September 18, 2013

DRAGONtail Tenkara Tatsu360 rod -- review

Most all of the rods that I have used and reviewed have been mailed to me from the US, Japan, Czechoslovakia, the UK, etc. But just the other day I was able to drive across town and pick up a rod from a newly christened tenkara company, DRAGONtail Tenkara. I received the rod personally from Brent Auger, founder of DRAGONtail Tenkara.

He explained to me his own tenkara journey and why he started to have rod manufactured. He talked a little about the company, their products, and their product venture with Moonlit Fly Fishing, also a local company. So far, DRAGONtail Tenkara has one rod offering. It's an entry level rod for those just starting out, or those who want a less expensive rod with some nice amenities.

The rod is the Tatsu360. This is what they say about the rod: "This Tatsu360 DRAGONtail Tenkara fly rod is made with a high quality Japanese carbon fiber for superb performance. Its 12 foot length and 6:4 bend action is what we suggest for most situations, and especially for newbies to Tenkara. The 6:4 action allows you to feel everything the fish does, even the smaller fish will be a fun catch.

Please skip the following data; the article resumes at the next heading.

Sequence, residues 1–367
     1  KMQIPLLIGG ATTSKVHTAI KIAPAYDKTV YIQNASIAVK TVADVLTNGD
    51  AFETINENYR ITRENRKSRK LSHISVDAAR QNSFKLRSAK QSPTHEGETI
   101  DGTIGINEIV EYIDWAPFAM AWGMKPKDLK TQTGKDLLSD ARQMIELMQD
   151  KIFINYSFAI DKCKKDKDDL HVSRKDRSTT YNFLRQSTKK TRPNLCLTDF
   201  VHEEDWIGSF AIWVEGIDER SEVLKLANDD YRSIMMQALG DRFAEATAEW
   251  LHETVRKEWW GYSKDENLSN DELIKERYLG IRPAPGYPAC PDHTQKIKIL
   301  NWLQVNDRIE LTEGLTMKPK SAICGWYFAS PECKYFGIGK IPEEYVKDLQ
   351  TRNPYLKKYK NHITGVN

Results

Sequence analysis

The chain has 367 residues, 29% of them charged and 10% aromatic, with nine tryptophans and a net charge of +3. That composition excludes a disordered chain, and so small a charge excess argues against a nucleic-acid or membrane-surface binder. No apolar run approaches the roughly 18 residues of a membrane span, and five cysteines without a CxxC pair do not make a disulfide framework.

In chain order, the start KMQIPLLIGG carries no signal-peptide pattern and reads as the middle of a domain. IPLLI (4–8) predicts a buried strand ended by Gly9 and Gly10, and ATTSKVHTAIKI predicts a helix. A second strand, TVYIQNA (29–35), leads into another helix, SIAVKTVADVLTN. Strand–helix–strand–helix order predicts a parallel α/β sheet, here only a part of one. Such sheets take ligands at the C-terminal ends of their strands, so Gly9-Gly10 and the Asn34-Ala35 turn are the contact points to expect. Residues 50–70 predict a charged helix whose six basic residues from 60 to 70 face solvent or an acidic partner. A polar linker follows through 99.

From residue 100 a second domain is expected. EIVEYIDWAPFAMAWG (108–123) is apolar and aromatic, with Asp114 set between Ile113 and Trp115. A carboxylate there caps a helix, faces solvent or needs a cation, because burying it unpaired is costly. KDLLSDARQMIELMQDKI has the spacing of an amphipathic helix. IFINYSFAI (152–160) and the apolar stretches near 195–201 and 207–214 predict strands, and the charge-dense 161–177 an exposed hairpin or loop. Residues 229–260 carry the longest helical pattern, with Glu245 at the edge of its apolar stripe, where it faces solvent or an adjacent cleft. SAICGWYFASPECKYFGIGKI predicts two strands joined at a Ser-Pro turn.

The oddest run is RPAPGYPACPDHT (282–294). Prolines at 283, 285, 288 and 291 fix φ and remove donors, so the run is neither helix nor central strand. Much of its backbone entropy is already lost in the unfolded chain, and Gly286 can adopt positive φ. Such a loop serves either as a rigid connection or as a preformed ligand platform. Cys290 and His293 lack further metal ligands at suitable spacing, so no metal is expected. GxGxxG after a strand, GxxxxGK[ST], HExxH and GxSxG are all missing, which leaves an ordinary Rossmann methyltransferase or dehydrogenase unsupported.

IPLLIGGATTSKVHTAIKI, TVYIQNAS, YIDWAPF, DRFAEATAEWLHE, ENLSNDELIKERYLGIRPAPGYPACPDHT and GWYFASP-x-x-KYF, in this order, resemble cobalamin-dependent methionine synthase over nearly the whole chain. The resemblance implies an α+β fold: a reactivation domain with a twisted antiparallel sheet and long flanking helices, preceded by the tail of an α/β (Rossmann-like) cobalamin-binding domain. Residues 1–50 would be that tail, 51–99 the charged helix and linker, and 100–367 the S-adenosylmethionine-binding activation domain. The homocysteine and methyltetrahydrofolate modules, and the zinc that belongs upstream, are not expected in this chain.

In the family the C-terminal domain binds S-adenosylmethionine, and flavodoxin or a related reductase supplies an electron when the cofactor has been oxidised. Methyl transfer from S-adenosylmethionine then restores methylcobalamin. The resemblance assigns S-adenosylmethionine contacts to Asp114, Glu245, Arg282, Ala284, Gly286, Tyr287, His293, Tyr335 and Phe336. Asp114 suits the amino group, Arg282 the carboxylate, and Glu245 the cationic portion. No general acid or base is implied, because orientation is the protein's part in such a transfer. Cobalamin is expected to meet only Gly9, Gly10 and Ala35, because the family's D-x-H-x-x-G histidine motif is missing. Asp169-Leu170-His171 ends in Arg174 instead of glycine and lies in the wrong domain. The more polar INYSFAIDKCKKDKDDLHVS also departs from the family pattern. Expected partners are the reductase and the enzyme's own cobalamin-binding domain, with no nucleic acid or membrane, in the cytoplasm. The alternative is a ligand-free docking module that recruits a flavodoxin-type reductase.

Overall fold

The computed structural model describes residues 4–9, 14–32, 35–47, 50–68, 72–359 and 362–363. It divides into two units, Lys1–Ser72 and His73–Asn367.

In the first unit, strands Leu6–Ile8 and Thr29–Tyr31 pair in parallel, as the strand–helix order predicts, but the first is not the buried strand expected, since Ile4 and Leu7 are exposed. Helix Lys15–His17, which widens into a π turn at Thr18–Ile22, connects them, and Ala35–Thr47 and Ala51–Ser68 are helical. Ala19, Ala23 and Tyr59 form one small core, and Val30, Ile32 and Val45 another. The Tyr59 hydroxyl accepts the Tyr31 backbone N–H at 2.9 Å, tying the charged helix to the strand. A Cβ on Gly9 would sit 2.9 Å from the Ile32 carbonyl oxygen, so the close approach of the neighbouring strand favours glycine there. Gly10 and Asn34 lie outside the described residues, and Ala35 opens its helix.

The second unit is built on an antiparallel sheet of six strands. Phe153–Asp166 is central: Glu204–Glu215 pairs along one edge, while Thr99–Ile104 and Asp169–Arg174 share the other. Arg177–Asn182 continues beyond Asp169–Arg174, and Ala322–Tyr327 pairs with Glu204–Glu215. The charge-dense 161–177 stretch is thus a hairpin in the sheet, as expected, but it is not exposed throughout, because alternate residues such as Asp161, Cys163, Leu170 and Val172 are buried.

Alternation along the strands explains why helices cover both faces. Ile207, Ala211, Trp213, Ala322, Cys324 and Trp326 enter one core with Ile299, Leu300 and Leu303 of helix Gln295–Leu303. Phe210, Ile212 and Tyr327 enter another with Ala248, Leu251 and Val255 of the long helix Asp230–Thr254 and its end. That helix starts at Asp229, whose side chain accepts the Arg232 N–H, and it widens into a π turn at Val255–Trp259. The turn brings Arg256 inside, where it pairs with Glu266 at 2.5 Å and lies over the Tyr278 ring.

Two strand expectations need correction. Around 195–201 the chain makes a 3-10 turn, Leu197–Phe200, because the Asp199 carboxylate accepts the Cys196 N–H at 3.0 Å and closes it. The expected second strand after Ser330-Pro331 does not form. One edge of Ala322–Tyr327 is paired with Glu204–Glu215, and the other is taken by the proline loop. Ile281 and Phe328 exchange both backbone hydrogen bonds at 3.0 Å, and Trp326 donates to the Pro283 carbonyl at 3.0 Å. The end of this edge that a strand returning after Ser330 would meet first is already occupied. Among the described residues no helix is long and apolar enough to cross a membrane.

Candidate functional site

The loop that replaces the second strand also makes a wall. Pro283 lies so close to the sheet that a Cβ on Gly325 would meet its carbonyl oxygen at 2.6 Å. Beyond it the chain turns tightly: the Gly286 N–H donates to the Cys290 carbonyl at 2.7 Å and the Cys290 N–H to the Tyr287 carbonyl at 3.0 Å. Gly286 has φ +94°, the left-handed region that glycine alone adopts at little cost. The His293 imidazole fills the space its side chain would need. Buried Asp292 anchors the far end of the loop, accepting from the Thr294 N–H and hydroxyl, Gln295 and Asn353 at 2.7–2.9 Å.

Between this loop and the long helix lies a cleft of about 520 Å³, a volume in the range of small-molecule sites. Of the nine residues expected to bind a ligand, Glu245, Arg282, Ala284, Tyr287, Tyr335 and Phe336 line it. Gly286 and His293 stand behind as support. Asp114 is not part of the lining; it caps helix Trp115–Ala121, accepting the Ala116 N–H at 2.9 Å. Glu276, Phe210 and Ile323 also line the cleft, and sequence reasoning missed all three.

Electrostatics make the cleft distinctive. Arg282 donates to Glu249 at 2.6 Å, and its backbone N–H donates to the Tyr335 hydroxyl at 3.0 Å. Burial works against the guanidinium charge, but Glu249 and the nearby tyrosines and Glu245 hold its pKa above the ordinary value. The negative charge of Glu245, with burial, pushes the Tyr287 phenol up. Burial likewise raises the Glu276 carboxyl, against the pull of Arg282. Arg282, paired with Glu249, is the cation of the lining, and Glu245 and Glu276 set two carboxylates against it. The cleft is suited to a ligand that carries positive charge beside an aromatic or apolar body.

The Tatsu360 rod is well balanced for a great feel that allows you to fish it all day with less arm fatigue. The handle is long with a comfortable grip at the upper and lower end of the handle, giving you the versatility of change up your rod length as needed. The rod itself has a matte black finish that reduces rod glare from the sun so you don’t signal to the fish where you are.

Tenkara is traditionally used to catch small to medium sized fish in small mountain rivers but do not be afraid to seek out the big trout with this rod. The Tatsu360 has enough backbone to take the stress of larger trout, we have hooked into quite a few during our testing and they are a blast to fight."

I examined the rod, then took it to the stream for some on-the-water testing.

The Tatsu360 is a 360 cm 6:4 rod that at first appearance is quite attractive. This rod came in a black graphite rod tube; no rod sock is included.